- Pages 281
- Published by Orion Children's/Weidenfeld & Nicolson Adult
- Date 9 June 2011
- Age 12+
Their final meeting is due that evening but then Aryami Bose turns up at the orphanage with Sheere, Ben's sister, and tells them the story of the parents they never knew. Their father was an engineer and writer who died in tragic circumstances at the inauguration of Jheeter's Gate station.
After having read Carlos Ruiz Zafon's first young adult book to be translated into English, "The Prince of Mist", I have been really looking forward to his next book. I had particularly high expectations for this book, as I had given his first book a glowing review. So far, within the author's native Spain, the four books that have been published have sold millions of copies. The next books to be published (September Lights and Marina) which I saw on a recent trip to Paris, are both expected to be published in 2012. Therefore, we have particularly nice treats ahead to read.
The book is set in the streets of Calcutta (May 1916). Seven children, who have had the fortunate advantage to be taken into care by Thomas Carter, spend time growing up in St Patrick's until they reach the age of sixteen. The group of children, who are one big family, form a secret club called 'The Chowbar Society'. This group meets each week, at midnight, in an old and ruined house which they have christened The Midnight Palace.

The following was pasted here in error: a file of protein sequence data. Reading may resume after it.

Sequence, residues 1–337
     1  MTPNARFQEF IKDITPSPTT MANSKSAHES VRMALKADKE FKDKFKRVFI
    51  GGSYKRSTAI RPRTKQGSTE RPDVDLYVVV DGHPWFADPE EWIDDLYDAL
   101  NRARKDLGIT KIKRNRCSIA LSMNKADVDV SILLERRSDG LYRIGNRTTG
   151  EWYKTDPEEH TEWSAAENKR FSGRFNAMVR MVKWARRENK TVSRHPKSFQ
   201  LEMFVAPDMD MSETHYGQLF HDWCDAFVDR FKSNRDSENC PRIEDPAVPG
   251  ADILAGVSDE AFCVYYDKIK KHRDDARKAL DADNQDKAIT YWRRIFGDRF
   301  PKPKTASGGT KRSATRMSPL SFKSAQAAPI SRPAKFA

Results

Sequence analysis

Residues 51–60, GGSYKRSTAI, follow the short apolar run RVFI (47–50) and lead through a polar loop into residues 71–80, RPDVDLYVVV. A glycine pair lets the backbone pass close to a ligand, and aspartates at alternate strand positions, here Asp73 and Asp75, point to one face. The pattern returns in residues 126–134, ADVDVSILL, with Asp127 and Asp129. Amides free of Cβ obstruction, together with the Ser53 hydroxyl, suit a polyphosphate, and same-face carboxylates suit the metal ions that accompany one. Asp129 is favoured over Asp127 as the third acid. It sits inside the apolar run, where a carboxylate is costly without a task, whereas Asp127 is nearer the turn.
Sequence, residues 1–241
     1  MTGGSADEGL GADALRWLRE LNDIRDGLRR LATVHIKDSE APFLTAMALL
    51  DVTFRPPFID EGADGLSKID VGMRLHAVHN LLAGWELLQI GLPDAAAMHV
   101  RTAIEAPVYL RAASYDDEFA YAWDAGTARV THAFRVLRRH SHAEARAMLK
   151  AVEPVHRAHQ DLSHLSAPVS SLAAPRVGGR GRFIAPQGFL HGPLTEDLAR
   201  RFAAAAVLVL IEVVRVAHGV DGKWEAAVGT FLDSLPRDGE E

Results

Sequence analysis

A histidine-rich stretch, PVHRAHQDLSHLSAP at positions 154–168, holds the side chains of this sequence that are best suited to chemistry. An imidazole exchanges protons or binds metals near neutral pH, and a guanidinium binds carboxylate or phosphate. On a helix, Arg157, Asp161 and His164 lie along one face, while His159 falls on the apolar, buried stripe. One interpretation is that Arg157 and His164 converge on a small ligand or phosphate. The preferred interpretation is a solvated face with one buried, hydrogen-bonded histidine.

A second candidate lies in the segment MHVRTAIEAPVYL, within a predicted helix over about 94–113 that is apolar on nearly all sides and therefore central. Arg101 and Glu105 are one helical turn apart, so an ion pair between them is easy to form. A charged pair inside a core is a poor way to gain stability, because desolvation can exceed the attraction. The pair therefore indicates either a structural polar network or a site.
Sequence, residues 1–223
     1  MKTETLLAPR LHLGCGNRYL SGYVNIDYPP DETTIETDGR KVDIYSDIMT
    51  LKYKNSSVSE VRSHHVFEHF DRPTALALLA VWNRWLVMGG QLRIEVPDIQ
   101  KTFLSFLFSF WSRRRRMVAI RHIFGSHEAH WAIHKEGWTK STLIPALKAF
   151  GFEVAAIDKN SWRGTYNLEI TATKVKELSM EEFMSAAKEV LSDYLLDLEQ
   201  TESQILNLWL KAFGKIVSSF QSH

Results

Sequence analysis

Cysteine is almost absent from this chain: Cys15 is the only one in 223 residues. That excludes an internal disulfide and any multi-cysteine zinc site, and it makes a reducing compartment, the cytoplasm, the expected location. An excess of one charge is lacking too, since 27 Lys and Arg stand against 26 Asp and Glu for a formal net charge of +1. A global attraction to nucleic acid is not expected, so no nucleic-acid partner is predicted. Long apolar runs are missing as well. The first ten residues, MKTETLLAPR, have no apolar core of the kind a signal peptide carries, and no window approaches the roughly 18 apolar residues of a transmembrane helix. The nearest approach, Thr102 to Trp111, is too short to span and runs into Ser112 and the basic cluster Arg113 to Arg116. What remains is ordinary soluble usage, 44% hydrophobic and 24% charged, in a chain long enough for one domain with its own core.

The story is shrouded in a secret past particularly for one of the children. As a result, this develops into a sinister and creepy ambience, which leads to an unexpected turn of events that leads them all into danger. This part of the story (told at the beginning of the book) sets the mood of the story. It develops into a riveting and intensive read from the very first page to the last. This book has an amazing blend of mystery, with some delicious bouts of terrifying scenes which will leave you feeling very emotional.
The traditional European feel, that seeps through this book, is a fantastic element that is rarely found within many books. Especially books that eventually manage to get published in the UK. However, this book has this quality, which comes from stories that have been passed down from generation to generation before finally being committed to paper.
I really enjoyed this book. However, I did have a problem with the storyline towards the end of the book. Some of the characterisation of Jawahal, I feel, could have been enhanced by developing his role more as a 'real' character. This would have made his character stand out more and perhaps enhance the final ending. I have kept this comment slightly vague as I don't want to divulge too much of the story. Especially as I know that you will all want to read this book with fresh eyes.
Grab it, read it and even be scared by it, but love it even more. It's a literary delight for the young and old.